The Battle of Pinkie, the biggest battle ever to take place on Scottish soil, is set to be fought again for the first time since 1547, as part of a spectacular weekend of events.
Presented by the Scottish Battlefields Trust as part of Scotland’s Year of History, Heritage and Archaeology, visitors are invited to step back in time for two days of activities taking place at Newhailes Estate in East Lothian. They will be able to witness a dramatic re-enactment of the battle complete with a thunderous cavalry charge, walk through historical encampments, meet the characters behind these great events, try their hand at Tudor archery, and take part in a variety of family-friendly activities designed to absorb all ages.
The infant Mary Queen of Scots will even make an appearance, and visitors will also be able to browse information and craft stalls before exploring the living history camps, where troops from both sides and of all ranks will reveal what life was like in this turbulent period of history. Experts will even be on hand to reveal details of the fashions of the period.
The Battle of Pinkie took place in September 1547, when the mighty armies of Scotland and England fought to determine who should marry the infant Mary Queen of Scots. The larger Scottish army attacked across the River Esk into the teeth of ferocious cavalry charges and a hail of arrows, cannon and gunshot. The outcome was a calamitous defeat for the Scots, with some reporting up to 10,000 dead. But far from securing union with England, the effect of the battle was to push Scotland closer to France, where Mary was subsequently betrothed to the Dauphin. The battle is significant in military history because of the pioneering combination of horse, foot and artillery with supporting fire from naval vessels, which makes Pinkie one of the first modern battles to be fought in Britain.
Arran Johnston, Director of the Scottish Battlefields Trust said:
“The Battle of Pinkie was truly one of Scotland’s biggest and most dramatic battles and I’m delighted that we’re able to bring it back to life for the first time – allowing the opportunity to truly understand its significance. With fascinating living history encampments, hands-on activities for all the family, and spectacular battle recreations, this wonderful historical event is not to be missed. We hope this event is the start of growing recognition for a battle that changed the course of history, and is something that will encourage greater protection for the battlefield site in future years.”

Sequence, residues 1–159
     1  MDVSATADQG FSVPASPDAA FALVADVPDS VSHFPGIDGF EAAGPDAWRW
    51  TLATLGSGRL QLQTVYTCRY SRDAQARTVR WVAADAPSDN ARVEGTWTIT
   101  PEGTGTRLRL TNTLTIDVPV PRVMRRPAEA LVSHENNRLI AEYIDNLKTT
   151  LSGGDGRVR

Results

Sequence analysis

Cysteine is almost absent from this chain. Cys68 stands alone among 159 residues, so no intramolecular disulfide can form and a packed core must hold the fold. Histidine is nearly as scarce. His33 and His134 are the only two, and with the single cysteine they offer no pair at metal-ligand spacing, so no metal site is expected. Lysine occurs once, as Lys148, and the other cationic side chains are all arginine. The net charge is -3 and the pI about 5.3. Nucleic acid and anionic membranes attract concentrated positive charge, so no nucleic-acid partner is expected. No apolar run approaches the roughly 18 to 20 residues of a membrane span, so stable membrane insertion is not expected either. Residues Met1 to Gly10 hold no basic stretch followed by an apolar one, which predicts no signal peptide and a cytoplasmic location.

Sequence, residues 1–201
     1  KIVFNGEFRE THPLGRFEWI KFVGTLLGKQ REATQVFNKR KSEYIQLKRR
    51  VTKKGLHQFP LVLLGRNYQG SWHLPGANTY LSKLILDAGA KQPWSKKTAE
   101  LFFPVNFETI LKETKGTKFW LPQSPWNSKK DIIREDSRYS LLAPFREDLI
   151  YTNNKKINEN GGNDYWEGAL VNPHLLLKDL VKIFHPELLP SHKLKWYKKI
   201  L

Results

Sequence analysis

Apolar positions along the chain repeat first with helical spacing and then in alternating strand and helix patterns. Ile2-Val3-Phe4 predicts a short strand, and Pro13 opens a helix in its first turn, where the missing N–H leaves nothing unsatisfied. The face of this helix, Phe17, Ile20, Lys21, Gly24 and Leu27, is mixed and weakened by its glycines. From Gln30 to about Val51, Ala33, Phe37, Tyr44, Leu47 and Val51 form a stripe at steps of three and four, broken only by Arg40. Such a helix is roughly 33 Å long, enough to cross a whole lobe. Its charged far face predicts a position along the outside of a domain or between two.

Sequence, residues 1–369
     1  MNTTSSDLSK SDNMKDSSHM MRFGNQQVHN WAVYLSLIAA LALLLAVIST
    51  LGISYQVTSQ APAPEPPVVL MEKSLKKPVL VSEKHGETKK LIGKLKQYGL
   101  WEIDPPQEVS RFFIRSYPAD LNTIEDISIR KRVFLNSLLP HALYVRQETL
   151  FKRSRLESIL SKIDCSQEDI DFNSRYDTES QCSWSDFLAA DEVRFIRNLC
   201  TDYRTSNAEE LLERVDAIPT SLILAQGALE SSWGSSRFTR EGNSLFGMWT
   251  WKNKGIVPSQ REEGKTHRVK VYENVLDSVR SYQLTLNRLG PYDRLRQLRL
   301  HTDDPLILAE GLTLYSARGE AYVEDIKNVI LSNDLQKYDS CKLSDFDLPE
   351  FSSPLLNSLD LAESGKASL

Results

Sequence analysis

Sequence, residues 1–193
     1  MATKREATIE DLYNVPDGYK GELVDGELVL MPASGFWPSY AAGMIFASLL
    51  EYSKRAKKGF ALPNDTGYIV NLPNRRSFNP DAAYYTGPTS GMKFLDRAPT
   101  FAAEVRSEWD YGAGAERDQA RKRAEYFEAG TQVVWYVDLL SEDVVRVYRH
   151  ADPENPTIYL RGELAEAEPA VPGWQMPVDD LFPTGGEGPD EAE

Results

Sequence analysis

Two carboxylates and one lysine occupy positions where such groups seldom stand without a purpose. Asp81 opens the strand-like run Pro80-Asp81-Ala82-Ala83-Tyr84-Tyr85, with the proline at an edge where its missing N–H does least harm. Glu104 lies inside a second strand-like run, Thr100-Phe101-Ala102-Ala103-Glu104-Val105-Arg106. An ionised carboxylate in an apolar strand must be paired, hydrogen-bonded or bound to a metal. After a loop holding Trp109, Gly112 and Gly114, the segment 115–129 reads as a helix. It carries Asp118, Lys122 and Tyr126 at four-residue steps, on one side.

The event is the climax of East Lothian Archaeology Fortnight and is supported by EventScotland, part of VisitScotland’s Event Directorate, and will celebrate Scotland’s Year of History, Heritage and Archaeology.
Stuart Turner, Head of EventScotland, said: “We are delighted to be supporting East Lothian Battle Weekends: Pinkie Cleugh through our National Funding Programme.
Scotland is the perfect stage for cultural events, and the event makes wonderful use of Scotland’s military history to create an engaging experience for visitors from both the local community and further afield. With archery, craft stalls, family activities and of course, the battle re-enactment itself, there’s something for everyone to enjoy.”
The battle will also be commemorated on its anniversary, Sunday 10th September with a traditional ceremony led by the Old Musselburgh Club at the battle’s memorial stone. This year participants will be joined by members of the Lothian levy re-enactment group: over the preceding days an English and Scottish foot-soldier will walk to the battle site from Eyemouth as part of the Borders Heritage Festival, along the route taken by the invading English army.
The main event is taking place in the parkland at Newhailes House, a fascinating 18th century property in the care of the National Trust for Scotland.
Tickets to the event cost £6 for adults and £3 for children and can be purchased online or on the day.
For more information, tickets to the re-enactment and full programme, visit: www.eastlothianbattles.com.
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